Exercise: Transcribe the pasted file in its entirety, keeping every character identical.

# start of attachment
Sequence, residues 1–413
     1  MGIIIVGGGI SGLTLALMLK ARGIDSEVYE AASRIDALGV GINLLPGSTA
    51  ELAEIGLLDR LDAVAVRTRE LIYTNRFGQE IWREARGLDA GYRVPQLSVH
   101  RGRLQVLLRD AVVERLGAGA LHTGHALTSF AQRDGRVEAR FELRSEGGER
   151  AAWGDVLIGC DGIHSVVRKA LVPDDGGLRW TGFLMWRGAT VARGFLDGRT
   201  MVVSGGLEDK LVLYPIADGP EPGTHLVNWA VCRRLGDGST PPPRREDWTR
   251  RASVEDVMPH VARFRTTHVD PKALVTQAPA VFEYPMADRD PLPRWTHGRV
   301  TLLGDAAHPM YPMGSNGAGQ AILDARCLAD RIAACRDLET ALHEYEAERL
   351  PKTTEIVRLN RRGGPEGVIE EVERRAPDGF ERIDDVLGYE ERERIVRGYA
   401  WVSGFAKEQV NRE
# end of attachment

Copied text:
Sequence, residues 1–413
     1  MGIIIVGGGI SGLTLALMLK ARGIDSEVYE AASRIDALGV GINLLPGSTA
    51  ELAEIGLLDR LDAVAVRTRE LIYTNRFGQE IWREARGLDA GYRVPQLSVH
   101  RGRLQVLLRD AVVERLGAGA LHTGHALTSF AQRDGRVEAR FELRSEGGER
   151  AAWGDVLIGC DGIHSVVRKA LVPDDGGLRW TGFLMWRGAT VARGFLDGRT
   201  MVVSGGLEDK LVLYPIADGP EPGTHLVNWA VCRRLGDGST PPPRREDWTR
   251  RASVEDVMPH VARFRTTHVD PKALVTQAPA VFEYPMADRD PLPRWTHGRV
   301  TLLGDAAHPM YPMGSNGAGQ AILDARCLAD RIAACRDLET ALHEYEAERL
   351  PKTTEIVRLN RRGGPEGVIE EVERRAPDGF ERIDDVLGYE ERERIVRGYA
   401  WVSGFAKEQV NRE